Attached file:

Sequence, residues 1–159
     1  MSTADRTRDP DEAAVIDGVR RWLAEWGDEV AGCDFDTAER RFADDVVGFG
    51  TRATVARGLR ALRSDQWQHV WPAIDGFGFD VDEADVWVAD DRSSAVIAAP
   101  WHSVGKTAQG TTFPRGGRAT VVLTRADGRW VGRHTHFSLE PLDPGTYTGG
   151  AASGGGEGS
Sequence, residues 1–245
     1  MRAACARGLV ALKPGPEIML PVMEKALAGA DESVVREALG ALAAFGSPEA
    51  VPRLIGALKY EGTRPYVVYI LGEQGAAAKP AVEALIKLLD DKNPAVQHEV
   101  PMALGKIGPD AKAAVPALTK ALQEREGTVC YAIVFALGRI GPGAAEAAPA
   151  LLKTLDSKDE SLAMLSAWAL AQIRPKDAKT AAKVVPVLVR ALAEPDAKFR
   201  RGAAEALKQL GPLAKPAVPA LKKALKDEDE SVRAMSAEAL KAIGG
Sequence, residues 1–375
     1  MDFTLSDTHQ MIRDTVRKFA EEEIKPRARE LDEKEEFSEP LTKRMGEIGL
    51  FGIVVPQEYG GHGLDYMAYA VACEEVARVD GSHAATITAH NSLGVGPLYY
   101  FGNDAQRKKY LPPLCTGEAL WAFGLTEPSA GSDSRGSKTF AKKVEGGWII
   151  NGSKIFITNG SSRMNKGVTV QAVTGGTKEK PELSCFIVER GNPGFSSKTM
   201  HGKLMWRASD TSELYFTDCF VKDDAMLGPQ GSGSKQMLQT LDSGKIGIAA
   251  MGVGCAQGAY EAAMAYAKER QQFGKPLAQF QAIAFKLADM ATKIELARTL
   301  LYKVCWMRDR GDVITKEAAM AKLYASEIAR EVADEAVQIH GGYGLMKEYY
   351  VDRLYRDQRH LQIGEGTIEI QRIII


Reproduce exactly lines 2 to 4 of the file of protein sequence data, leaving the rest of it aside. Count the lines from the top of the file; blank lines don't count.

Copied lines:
     1  MSTADRTRDP DEAAVIDGVR RWLAEWGDEV AGCDFDTAER RFADDVVGFG
    51  TRATVARGLR ALRSDQWQHV WPAIDGFGFD VDEADVWVAD DRSSAVIAAP
   101  WHSVGKTAQG TTFPRGGRAT VVLTRADGRW VGRHTHFSLE PLDPGTYTGG